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Why Open Sky Policy is a must for Kenyan coast

Marini speaking at Malindi JABEIC 2019 conference

12-12-2019 by Freddie del curatolo

At the JABEIC 2019 conference on the Blue Economy, which ended yesterday afternoon at the Ocean Beach Resort in Malindi, there was also talk of tourism as one of the major drivers of the economy of the coast and in particular of the County of Kilifi. Many topics touched on by the Minister of Tourism Nahida Athman and the representative of the Kenya Coast Tourist Association and tourist marketing consultant Roberto Marini.
In addition to the well-known problems of infrastructure, bureaucracy disposal and facilities for those who want to invest in the hospitality sector, we touched on the theme of the Open Sky Policy.
What exactly is the Open Sky Policy and why could it revive the coast and in particular Malindi making the tourism industry active twelve months a year?
This is the possibility, regulated by international and pan-African treaties, of opening the skies and therefore the international airports to all the airlines of the states that have agreements between them.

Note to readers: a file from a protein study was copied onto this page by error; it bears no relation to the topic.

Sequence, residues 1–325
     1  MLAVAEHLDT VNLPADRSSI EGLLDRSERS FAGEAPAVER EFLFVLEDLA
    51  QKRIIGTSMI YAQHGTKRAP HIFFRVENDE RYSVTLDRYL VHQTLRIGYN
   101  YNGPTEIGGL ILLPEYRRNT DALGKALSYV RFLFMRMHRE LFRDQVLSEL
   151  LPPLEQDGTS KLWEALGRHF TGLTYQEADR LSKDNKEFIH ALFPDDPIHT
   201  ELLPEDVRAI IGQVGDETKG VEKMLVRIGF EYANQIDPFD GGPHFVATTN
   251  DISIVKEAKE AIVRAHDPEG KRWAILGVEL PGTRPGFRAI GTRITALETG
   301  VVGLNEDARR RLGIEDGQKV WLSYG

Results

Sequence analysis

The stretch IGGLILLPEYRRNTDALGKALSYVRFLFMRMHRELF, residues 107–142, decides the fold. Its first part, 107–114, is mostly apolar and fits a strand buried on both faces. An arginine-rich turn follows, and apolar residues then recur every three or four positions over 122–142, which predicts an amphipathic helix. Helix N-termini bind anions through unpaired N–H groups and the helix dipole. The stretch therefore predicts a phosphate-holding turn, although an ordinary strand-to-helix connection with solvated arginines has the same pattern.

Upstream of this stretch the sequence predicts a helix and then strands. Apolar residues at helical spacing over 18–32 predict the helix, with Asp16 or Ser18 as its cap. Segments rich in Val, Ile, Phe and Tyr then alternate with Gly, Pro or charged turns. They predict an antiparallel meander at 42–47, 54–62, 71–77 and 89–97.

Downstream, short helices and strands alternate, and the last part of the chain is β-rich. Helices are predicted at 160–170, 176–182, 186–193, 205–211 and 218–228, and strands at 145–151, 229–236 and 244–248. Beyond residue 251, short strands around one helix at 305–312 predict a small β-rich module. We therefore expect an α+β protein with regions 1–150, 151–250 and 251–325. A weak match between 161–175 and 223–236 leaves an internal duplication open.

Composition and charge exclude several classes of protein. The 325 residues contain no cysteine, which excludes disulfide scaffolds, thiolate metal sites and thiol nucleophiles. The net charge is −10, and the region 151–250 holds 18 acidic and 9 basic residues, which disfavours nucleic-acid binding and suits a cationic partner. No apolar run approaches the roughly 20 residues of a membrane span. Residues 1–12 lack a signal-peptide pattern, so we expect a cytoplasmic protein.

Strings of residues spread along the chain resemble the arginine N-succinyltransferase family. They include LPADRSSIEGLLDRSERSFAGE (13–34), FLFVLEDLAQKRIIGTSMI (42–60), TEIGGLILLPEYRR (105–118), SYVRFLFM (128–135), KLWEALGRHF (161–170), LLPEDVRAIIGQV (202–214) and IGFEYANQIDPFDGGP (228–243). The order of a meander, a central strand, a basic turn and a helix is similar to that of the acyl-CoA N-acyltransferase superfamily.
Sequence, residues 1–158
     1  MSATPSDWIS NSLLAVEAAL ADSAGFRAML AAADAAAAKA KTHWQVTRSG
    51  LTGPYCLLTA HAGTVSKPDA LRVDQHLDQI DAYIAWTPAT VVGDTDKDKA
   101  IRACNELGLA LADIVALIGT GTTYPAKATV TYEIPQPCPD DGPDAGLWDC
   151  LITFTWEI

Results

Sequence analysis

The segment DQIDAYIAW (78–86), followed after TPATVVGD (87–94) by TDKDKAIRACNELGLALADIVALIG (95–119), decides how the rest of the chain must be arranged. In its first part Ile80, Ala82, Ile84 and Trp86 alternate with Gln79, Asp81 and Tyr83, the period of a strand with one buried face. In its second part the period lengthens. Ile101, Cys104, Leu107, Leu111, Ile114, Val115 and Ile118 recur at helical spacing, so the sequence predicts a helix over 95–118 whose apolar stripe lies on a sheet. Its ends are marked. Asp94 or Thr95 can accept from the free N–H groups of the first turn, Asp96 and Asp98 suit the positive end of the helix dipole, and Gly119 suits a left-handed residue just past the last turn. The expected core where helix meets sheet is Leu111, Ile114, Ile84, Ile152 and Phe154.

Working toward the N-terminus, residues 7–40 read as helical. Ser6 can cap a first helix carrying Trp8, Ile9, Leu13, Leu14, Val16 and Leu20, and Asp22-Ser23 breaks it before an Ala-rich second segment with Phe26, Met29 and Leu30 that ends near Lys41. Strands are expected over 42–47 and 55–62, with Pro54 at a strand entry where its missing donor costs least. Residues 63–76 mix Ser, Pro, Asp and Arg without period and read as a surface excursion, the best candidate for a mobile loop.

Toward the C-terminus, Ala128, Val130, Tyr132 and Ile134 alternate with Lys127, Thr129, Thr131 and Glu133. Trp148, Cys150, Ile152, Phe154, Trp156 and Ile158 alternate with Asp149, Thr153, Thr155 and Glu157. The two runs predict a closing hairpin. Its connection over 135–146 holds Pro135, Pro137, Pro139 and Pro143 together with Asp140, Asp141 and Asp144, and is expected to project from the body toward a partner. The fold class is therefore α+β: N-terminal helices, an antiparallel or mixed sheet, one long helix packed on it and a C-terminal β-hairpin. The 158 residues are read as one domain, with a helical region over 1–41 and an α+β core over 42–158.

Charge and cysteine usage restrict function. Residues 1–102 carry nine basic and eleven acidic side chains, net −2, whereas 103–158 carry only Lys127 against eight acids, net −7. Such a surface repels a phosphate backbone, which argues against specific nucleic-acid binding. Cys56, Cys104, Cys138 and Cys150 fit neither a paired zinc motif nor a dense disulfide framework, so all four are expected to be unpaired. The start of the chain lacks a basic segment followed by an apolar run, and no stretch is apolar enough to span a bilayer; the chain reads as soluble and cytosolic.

"It would be enough as a start to open the airport of Malindi, but also that of Ukunda which already has the status of international flights from neighboring countries - explained Marini - with tourism coming from countries that do not have the outlet to the sea, such as Rwanda, Uganda and Ethiopia we could have an "income" of visitors even in low season, then integrating with Western and Asian.
According to Marini, who spoke as an expert to an audience of technicians, operators and managers of governmental and non-governmental institutions, the competitiveness of the coastal region of Kenya passes through these essential openings.
"My hotel works for 95% with domestic tourism - explains the Italian entrepreneur - and with arrivals from other countries in the African area we could all benefit from this, extending the months of work. The island of Zanzibar does not have the beauty and variety of landscapes that we have, with beaches, forests, savannahs, historical and cultural sites, different ethnic groups represented with their traditions and their gastronomy. But Zanzibar has direct flights from South Africa and other countries and Malindi not yet. But even Mombasa doesn't have direct flights from South Africa, for example.
In any case, it is the common opinion, even of the members and leaders of the European Union, which is investing millions of euros in projects for the Kenyan coast, that the airports of the regions involved must evolve. Required upgrades and, moreover, already foreseen by the Government in the context of its development programmes.

TAGS: blue economy kenyaopen sky kenyaaeroporto malindiroberto marini

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